Item 4. Mine Safety Disclosures
Not applicable.
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PART II

Item 5. Market for the Registrant's Common Equity, Related Stockholder Matters and Issuer Purchases of Equity Securities
Our common stock is listed on the New York Stock Exchange ("NYSE") with the ticker symbol "KEYS.’’
There were 17,858 shareholders of record of Keysight common stock as of December 13, 2021.
We have not paid any dividends, and we do not anticipate paying any cash dividends in the foreseeable future. All decisions regarding the declaration and payment of dividends and stock repurchases are at the discretion of our board of directors and will be evaluated regularly in light of our financial condition, earnings, growth prospects, funding requirements, applicable law, and any other factors that our board of directors deems relevant.
The information required by this item with respect to equity compensation plans will be included under the caption Equity Compensation Plans in our proxy statement to be filed with the Securities and Exchange Commission pursuant to Regulation 14A, and is incorporated herein by reference.
ISSUER PURCHASES OF EQUITY SECURITIES

The table below summarizes information about the company’s purchases, based on trade date, of its equity securities registered pursuant to Section 12 of the Exchange Act during the fiscal quarter ended October 31, 2021. The total number of shares of common stock purchased by the company during the fiscal year ended October 31, 2021 is 4,361,542 shares.
 Period
Total Number of Shares of Common Stock Purchased (1)
Weighted Average Price Paid per Share of Common Stock (2)
Total Number of Shares of Common Stock Purchased as Part of Publicly Announced Plans or Programs (1)
Maximum Approximate Dollar Value of Shares of Common Stock that May Yet Be Purchased Under the Program (1)
August 1, 2021 through August 31, 2021— — $430,286,406 
September 1, 2021 through September 30, 20211,154,282 $175.981,154,282 $227,152,084 
October 1, 2021 through October 31, 2021909,660 $164.90909,660 $77,152,103 
Total2,063,942 2,063,942 
(1)On November 18, 2020, our board of directors approved a stock repurchase program authorizing the purchase of up to $750 million of the company’s common stock. On November 18, 2021, our board of directors approved a new stock repurchase program authorizing the purchase of up to $1,200 million of the company’s common stock, replacing the previously approved November 2020 program, under which $77 million remained.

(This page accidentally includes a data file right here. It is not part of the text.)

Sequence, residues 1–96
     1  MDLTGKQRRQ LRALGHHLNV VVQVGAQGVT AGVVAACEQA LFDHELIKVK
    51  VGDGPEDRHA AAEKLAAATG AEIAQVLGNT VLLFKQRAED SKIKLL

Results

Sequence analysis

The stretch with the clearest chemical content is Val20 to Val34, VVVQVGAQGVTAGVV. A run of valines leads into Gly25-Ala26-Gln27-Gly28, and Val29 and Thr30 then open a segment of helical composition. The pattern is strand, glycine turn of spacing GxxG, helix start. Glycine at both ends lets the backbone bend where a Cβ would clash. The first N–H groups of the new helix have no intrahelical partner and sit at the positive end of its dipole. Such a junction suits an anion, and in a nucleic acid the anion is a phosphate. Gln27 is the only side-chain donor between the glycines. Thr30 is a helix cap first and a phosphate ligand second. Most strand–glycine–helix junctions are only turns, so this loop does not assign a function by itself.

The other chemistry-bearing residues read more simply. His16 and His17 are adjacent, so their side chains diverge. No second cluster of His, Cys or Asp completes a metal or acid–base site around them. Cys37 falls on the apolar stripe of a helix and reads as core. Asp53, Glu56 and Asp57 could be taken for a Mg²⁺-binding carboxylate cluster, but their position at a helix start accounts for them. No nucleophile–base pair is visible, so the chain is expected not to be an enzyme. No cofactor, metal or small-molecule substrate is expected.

Under our stock repurchase program, shares may be purchased from time to time, subject to general business and market conditions and other investment opportunities, through open market purchases, privately negotiated transactions or other means. All such shares and related costs are held as treasury stock and accounted for at trade date using the cost method.
(2)The weighted average price paid per share of common stock does not include the cost of commissions.
Item 6. [Reserved]
Not applicable.
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Item 7. Management's Discussion and Analysis of Financial Condition and Results of Operations
The following discussion should be read in conjunction with the consolidated financial statements and notes thereto included elsewhere in this Annual Report on Form 10-K. This report contains forward-looking statements including, without limitation, statements regarding trends, seasonality, cyclicality and growth in, and drivers of, the markets we sell into, our strategic direction, earnings from our foreign subsidiaries, remediation activities, new solution and service introductions, the ability of our solutions to meet market needs, changes to our manufacturing processes, the use of contract manufacturers, the impact of local government regulations on our ability to pay vendors or conduct operations, our liquidity position, our ability to generate cash from operations, growth in our businesses, our investments, the potential impact of adopting new accounting pronouncements, our financial results, our purchase commitments, our contributions to our pension plans, the selection of discount rates and recognition of any gains or losses for our benefit plans, our cost-control activities, savings and headcount reduction recognized from our restructuring programs and other cost saving initiatives, and other regulatory approvals, the integration of our completed acquisitions and other transactions, our transition to lower-cost regions, the existence of political or economic instability, the impact of increased trade tension and tightening of export control regulations, the impact of compliance with the August 2, 2021 Consent Agreement with the Directorate of Defense Trade Controls, Bureau of Political-Military Affairs, Department of State, continued impacts to the supply chain, government mandates related to pandemic conditions such as a novel strain of coronavirus (“COVID-19”) and its variants, impacts related to net zero emissions commitments, the impact of volatile weather caused by environmental conditions such as climate change, and our estimated or anticipated future results of operations, that involve risks and uncertainties. Our actual results could differ materially from the results contemplated by these forward-looking statements due to various factors, including but not limited to those risks and uncertainties discussed in Part II Item 1A and elsewhere in this Annual Report on Form 10-K.